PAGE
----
Use this URL to cite or link to this record in EThOS: https://ethos.bl.uk/OrderDetails.do?uin=uk.bl.ethos.268723
Title: Magnetic resonance imaging evaluation and therapeutic trials in primary progressive multiple sclerosis
Author: Leary, Siobhan Marie
ISNI:       0000 0001 3606 6595
Awarding Body: University of London
Current Institution: University College London (University of London)
Date of Award: 2002
Availability of Full Text:
Access from EThOS:
Full text unavailable from EThOS. Please try the link below.
Access from Institution:
Abstract:
Primary progressive multiple sclerosis is the central theme of this thesis which includes the first randomised controlled trial to be specifically designed for this group. The difficulties in diagnosis, classification and choice of outcome measures for therapeutic trials in this group are considered, and the role of magnetic resonance imaging (MRI) in monitoring disease progression is explored. Two recently developed and more pathologically specific MRI techniques, magnetisation transfer ratio (MTR) and 1H magnetic resonance spectroscopy (MRS), are evaluated in cross-sectional studies. To investigate the marked discrepancy between focal cerebral lesions and disability in primary progressive multiple sclerosis, these techniques are applied to normal appearing white matter (NAWM) and provide evidence for the hypothesis that intrinsic changes, including axonal damage, are occurring in NAWM. Consideration is also given to methodological issues in serial MRI measurement and studies of reproducibility of spinal cord area measurement and of physiological variation in MRS are presented. Finally, the first randomised controlled study of a beta interferon in primary progressive multiple sclerosis is presented. This is an exploratory study and its objectives are to explore the safety of and look for hint of efficacy of interferon beta-1a in primary progressive multiple sclerosis and to identify potentially useful outcome measures in this group. This study demonstrates that it is entirely feasible to carry out therapeutic trials in primary progressive multiple sclerosis and appropriate outcome measures are available. Overall this thesis provides evidence to facilitate continuing increase in interest and research activity in primary progressive multiple sclerosis.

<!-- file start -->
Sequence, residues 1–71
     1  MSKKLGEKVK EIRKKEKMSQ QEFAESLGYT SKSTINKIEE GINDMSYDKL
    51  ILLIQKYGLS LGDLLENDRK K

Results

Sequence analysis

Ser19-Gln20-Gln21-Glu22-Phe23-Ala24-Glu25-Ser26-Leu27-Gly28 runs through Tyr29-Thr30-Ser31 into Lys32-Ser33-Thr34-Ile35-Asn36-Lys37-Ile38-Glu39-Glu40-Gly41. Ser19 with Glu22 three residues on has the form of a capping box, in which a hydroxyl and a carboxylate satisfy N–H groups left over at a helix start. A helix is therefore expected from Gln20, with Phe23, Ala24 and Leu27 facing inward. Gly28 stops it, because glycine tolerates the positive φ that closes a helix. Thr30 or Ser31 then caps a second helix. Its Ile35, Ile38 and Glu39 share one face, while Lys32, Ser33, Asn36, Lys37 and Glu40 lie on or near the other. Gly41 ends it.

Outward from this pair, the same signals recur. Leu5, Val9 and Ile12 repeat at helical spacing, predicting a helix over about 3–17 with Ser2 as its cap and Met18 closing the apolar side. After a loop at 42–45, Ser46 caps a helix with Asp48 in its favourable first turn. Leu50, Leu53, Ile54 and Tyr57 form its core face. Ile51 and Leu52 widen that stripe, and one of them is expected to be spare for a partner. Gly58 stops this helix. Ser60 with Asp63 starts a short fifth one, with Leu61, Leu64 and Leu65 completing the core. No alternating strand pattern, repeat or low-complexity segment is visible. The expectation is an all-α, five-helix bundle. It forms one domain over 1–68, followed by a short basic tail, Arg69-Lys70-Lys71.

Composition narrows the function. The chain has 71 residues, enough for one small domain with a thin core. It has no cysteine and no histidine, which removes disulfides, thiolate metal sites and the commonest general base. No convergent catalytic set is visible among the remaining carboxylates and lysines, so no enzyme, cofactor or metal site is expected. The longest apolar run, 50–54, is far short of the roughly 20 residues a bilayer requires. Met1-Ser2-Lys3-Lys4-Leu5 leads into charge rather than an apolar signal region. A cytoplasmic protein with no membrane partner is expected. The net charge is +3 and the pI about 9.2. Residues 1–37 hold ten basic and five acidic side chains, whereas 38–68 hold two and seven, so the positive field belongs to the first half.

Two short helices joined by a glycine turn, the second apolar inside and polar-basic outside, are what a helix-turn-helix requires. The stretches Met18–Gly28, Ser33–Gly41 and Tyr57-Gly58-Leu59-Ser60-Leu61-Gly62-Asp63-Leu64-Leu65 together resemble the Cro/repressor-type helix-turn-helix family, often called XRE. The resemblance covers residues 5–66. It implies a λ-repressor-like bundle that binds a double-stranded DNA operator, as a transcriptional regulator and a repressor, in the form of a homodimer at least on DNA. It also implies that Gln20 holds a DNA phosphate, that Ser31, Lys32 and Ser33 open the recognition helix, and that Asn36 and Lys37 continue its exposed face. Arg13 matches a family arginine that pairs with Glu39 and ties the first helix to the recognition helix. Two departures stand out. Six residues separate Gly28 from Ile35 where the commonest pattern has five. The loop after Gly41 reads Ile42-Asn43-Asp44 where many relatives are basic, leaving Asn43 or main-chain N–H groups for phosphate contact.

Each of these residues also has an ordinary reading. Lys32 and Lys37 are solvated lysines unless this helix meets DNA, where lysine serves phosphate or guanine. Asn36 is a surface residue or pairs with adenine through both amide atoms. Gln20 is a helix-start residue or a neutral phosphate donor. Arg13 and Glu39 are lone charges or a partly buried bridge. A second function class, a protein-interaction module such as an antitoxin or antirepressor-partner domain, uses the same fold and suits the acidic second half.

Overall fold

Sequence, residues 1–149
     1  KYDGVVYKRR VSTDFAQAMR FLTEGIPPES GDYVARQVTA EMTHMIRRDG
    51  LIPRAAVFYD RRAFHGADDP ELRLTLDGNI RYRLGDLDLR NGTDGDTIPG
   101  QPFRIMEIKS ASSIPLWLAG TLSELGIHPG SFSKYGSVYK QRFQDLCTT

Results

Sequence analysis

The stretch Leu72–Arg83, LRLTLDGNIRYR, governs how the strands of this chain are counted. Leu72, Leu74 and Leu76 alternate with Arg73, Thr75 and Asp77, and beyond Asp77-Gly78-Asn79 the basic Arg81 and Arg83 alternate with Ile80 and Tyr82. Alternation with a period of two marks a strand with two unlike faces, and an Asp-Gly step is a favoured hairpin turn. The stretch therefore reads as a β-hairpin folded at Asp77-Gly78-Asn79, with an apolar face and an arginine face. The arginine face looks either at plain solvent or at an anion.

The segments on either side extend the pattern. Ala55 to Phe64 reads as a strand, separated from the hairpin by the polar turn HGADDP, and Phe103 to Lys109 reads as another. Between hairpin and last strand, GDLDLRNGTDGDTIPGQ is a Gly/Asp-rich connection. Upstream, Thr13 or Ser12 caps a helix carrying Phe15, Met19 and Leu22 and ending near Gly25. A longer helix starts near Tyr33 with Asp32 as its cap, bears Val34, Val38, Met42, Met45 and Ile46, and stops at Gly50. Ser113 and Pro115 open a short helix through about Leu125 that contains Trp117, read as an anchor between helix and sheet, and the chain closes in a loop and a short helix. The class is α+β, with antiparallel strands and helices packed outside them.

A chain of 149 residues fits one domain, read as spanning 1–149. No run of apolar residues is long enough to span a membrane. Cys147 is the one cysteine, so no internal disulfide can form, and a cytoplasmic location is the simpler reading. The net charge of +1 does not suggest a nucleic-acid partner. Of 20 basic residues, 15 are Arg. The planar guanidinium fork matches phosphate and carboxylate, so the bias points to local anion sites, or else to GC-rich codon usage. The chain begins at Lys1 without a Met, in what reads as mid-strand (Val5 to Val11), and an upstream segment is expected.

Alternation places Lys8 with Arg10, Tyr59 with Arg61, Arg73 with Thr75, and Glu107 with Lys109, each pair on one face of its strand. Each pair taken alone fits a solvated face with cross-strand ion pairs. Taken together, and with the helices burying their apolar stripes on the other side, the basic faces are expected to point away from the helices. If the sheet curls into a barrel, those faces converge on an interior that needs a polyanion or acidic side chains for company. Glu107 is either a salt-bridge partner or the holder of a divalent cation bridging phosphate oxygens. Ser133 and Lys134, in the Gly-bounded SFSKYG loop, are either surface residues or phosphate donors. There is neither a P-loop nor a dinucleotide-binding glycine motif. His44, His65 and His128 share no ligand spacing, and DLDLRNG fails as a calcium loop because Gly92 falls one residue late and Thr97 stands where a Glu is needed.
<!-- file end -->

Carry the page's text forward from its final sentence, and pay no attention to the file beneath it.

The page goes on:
Supervisor: Not available Sponsor: Not available
Qualification Name: Thesis (Ph.D.) Qualification Level: Doctoral
EThOS ID: uk.bl.ethos.268723  DOI: Not available
Keywords: Medicine
Share: